Newspaper article Pittsburgh Post-Gazette (Pittsburgh, PA)

Voters Turn out for Syria's Assad [Derived Headline]

Newspaper article Pittsburgh Post-Gazette (Pittsburgh, PA)

Voters Turn out for Syria's Assad [Derived Headline]

Article excerpt

Voters turn out for Syria's Assad

DAMASCUS, Syria - Waving photos of President Bashar Assad and dancing with flags, tens of thousands of Syrians pledged renewed allegiance to President Bashar Assad as they voted today in a presidential election that excluded a vast swath of the pre-war population and was decried by the opposition as a charade.

Some stamped their ballots with blood after pricking their fingers with pins supplied by the government in a symbolic act of allegiance and patriotism. Others chose to vote in full sight of other voters and television cameras - rather than go behind a partition curtain for privacy.

Men and women wore lapel pins with Mr. Assad's picture and said re-electing him would give the Syrian leader more legitimacy to find a solution to the devastating three-year conflict that activists say has killed more than 160,000 people, about a third of whom were civilians.

Security was tight, with multiple rings of checkpoints set up around the Syrian capital and its entrances. Troops searched cars and asked people for their IDs.

In the early evening, state television said the electoral committee extended voting by five hours because of "high turnout at the ballot box."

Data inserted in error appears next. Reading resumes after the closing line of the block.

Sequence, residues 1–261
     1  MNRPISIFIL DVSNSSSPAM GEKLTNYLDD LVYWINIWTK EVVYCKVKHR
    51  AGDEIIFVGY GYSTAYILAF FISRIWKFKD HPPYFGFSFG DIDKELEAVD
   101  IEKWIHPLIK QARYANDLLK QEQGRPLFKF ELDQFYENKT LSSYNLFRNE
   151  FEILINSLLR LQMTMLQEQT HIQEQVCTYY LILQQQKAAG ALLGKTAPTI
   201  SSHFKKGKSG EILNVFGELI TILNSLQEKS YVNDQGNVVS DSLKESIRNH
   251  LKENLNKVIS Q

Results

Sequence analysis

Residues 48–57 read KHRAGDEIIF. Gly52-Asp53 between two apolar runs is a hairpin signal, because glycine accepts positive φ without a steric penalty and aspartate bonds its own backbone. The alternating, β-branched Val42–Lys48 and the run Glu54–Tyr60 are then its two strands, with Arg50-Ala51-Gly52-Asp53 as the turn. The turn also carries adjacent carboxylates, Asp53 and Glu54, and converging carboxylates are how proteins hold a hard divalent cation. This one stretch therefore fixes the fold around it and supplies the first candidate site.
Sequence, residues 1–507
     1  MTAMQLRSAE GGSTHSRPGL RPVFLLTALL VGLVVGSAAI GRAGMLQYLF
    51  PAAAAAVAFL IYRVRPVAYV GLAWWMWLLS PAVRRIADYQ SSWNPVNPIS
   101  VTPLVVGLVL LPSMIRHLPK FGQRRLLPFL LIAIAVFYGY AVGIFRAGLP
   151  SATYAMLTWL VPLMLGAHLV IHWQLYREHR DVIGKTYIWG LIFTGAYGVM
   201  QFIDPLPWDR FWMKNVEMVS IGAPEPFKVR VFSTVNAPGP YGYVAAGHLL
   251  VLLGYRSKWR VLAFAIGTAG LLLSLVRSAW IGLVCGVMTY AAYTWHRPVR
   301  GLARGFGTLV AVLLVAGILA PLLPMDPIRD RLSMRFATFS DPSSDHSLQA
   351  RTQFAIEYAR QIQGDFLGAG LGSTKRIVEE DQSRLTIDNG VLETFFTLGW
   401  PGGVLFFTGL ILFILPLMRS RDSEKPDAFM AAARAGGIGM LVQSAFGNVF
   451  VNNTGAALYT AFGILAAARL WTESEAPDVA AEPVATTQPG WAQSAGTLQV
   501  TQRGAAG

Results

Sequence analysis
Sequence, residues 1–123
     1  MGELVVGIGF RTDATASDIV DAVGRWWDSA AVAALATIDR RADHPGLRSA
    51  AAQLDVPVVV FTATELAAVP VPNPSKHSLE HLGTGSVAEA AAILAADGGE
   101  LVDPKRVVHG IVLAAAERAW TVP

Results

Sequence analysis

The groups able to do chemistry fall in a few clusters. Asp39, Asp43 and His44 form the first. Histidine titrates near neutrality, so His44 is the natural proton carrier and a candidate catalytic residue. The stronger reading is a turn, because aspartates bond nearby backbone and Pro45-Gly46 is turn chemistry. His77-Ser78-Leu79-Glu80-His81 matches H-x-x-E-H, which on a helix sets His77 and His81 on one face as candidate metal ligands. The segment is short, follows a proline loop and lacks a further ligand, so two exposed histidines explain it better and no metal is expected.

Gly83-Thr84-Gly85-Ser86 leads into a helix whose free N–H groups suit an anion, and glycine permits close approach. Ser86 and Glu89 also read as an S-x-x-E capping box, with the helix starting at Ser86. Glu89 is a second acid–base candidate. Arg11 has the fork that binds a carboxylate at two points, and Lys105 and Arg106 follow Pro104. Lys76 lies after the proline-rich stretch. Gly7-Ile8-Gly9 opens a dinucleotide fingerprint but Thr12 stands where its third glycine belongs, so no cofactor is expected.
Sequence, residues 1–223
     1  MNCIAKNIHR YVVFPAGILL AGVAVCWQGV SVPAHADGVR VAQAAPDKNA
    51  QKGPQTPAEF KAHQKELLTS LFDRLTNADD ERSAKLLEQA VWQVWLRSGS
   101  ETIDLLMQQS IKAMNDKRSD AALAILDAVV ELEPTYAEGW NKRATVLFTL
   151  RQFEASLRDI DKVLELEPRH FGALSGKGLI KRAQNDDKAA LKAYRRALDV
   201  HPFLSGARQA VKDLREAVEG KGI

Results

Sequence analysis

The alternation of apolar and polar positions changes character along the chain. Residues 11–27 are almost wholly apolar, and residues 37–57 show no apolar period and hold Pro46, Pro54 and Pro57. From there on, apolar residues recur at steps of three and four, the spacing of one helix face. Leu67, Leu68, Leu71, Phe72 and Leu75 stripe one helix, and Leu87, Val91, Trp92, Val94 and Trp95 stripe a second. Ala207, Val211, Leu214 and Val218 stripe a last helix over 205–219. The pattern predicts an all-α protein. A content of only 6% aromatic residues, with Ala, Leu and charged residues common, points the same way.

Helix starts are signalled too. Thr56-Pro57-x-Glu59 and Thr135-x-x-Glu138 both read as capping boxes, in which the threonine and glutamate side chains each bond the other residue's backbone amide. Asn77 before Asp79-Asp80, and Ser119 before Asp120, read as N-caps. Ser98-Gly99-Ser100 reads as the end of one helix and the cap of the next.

Even as crowds of Mr. Assad's supporters flocked to the polls in Damascus, the sounds of war were inescapable. At least three fighter jets roared low over Damascus during the voting, which residents said was unusual.

The dull sounds of explosions also reverberated in the distance as pro-government forces and rebels battled in nearby rural towns and ashy plumes of gray smoke marked the skyline. Several mortar hits were reported in the capital, including one that crashed near the Opera House on a major plaza, though the voting was largely peaceful.

The balloting is only taking place in government-controlled areas, excluding much of northern and eastern Syria. Tens of thousands of Syrians abroad voted last week, although many of the more than 2.7 million Syrian refugees across the region either abstained or were excluded by voting laws.

Lebanon straining to help refugees

BEIRUT - The president of the World Bank warned today that Lebanon is reaching "breaking point" in terms of its ability to deal with the massive influx of Syrian refugees.

Speaking in an interview today after visiting with Syrian refugee students at a public school east of Beirut, Jim Yong Kim urged international donors to increase their financial support to the tiny Arab country.

Lebanon, home to 4.5 million people, is struggling to cope with the presence of more than 1 million refugees in desperate need of housing, education and medical care.

Lebanon has begun efforts to curb the flow of refugees. Social Affairs Minister Rashid Derbas told reporters Monday that Lebanon will no longer accept Syrians as refugees if they come from safe areas or regions far from the Lebanese border. …

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